Referring to FIG. 10A, a side view of a sleeve is shown in accordance with an embodiment of the invention. In an embodiment, flexible element 642 of sleeve 640 may include one or more tab 646. For example, tab 646 may be formed by laser cutting or micro-machining a tab outline 648 through a wall thickness of sleeve 640, thereby creating tab 646 from sleeve 640. Referring to FIG. 10B, a cross-sectional view, taken about line C-C of FIG. 10A, of a sleeve is shown in accordance with an embodiment of the invention. Tab 646 may be squeezed inward to press against shaft 614 within sleeve 640. As first and second tab 646 on radially offset locations of sleeve 640 are squeezed, the tabs tend to angle inward such that the edge of tab 646 grips shaft 614 and resists motion, particularly in a direction opposite to the tab 646 angle.

Referring to FIG. 11A, a side view of a handle assembly having a sleeve during deployment of an occlusion device in a fallopian tube is shown in accordance with an embodiment of the invention. In an embodiment, a lateral load, e.g., squeeze 648, is applied to sleeve 640 by a physician to cause flexible element 642 to bias inward toward, and grip onto, a gripping surface 650 of shaft 614. While sleeve 640 grips shaft 614, a physician may move proximal handle 504 relative to distal handle 506, e.g., by pulling or twisting proximal handle 504 through first travel 702 or second travel 704. Thus, in an embodiment, a physician can squeeze sleeve 640 and stabilize distal handle 506 against endoscope 206 with one hand while pulling on proximal handle 504 with another hand to actuate handle assembly 500.

Referring to FIG. 11B, a side view of a handle assembly having a sleeve during repositioning of an occlusion device in a fallopian tube is shown in accordance with an embodiment of the invention. In an embodiment, the physician releases squeeze 648 from sleeve 640, such that flexible element 642 rebounds to an initial configuration in which inner grip 644 does not contact gripping surface 650. While sleeve 640 is released from shaft 614, a physician may move proximal handle 504 and distal handle 506 in unison with one hand. That is, a physician can stabilize sleeve 640 against endoscope 206 with one hand while moving proximal handle 504 with another hand. As a result, distal handle 506 can slide through sleeve 640 to a new location. This technique may be used to reposition delivery catheter 104 within fallopian tube 1304, e.g., between actuation of handle assembly 500 through first travel 702 and second travel 704.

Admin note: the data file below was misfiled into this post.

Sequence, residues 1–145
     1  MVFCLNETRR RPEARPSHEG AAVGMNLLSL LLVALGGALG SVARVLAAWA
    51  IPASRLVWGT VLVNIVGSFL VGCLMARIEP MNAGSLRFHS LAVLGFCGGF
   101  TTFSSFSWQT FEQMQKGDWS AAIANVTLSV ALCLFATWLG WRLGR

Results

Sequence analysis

Referring to FIG. 12, a flowchart of a method for deploying an occlusion device in a fallopian tube using a delivery system is shown in accordance with an embodiment of the invention. For illustrational purposes, the following description of FIG. 12 refers to the embodiments illustrated in FIGS. 13-19. At operation 1201, a physician inserts delivery catheter 104 of delivery system 100 into working channel 204 of endoscope 206. Referring to FIG. 13, a side view of an endoscope approaching an ostium of a fallopian tube is shown in accordance with an embodiment of the invention. Delivery catheter 104 may be advanced through endoscope 206 by pushing handle assembly 500 toward working channel with one hand. As delivery catheter 104 advances, it may extend distally through a uterus and into an ostium 1302 of a fallopian tube 1304.

Referring to FIG. 14, a side view of an occlusion device in an expanded configuration is shown in accordance with an embodiment of the invention. Here, occlusion device 502 is shown as it typically exists after deployment at a targeted treatment site in fallopian tube 1304. However, it is introduced at this point in the description to illustrate some components of occlusion device 502. More specifically, occlusion device 502 may include an expandable outer coil 1402, an inner coil 1404, and a polymer fiber 1406. In an embodiment, polymer fiber 1406 may be formed from a tissue growth-promoting material, such as poly(ethylene terephthalate), to encourage tissue growth. One or both of the inner coil 1404 and outer coil 1402 may be constructed from a super elastic material, such as a nickel-titanium alloy (NiTi).

Referring again to FIG. 12, at operation 1205 the physician positions occlusion device 502 at the targeted treatment site of fallopian tube 1304. Referring to FIG. 15, a side view of an occlusion device in an unexpanded configuration coupled with a delivery catheter is shown in accordance with an embodiment of the invention. Delivery catheter 104 includes outer sheath 508 surrounding a portion of occlusion device 502. Inner coil 1404 and outer coil 1402 may be wound to a low profile such that they fit within outer sheath 508. In this unexpanded configuration, occlusion device 502 may be delivered through ostium 1302 and fallopian tube 1304.

As shown, occlusion device 502 may include a flexible tip to prevent trauma to fallopian tube 1304 during delivery. In an embodiment, a black marker 1502 on outer sheath 508 may be aligned with ostium 1302 during positioning of occlusion device 502 within fallopian tube 1304. Black marker 1502 may be viewed using endoscope 206, or in an alternative embodiment, black marker 1502 may be formed from a radiopaque material and viewed during positioning using fluoroscopy.

Referring again to FIG. 12, at operation 1210 the physician grasps endoscope 206 and distal handle 506 with first hand 304, e.g., with a right hand, as shown in FIG. 6D. After positioning occlusion device 502 at a treatment site in fallopian tube 1304, grasping both endoscope 206 and handle assembly 500 in the same hand can help to stabilize the delivery system 100, and thus occlusion device 502, relative to the treatment site. While grasping endoscope 206 and distal handle 506 with one hand, e.g., with a right hand, the physician may grasp proximal handle 504 with a second hand 306, e.g., with a left hand, as shown in FIG. 6D.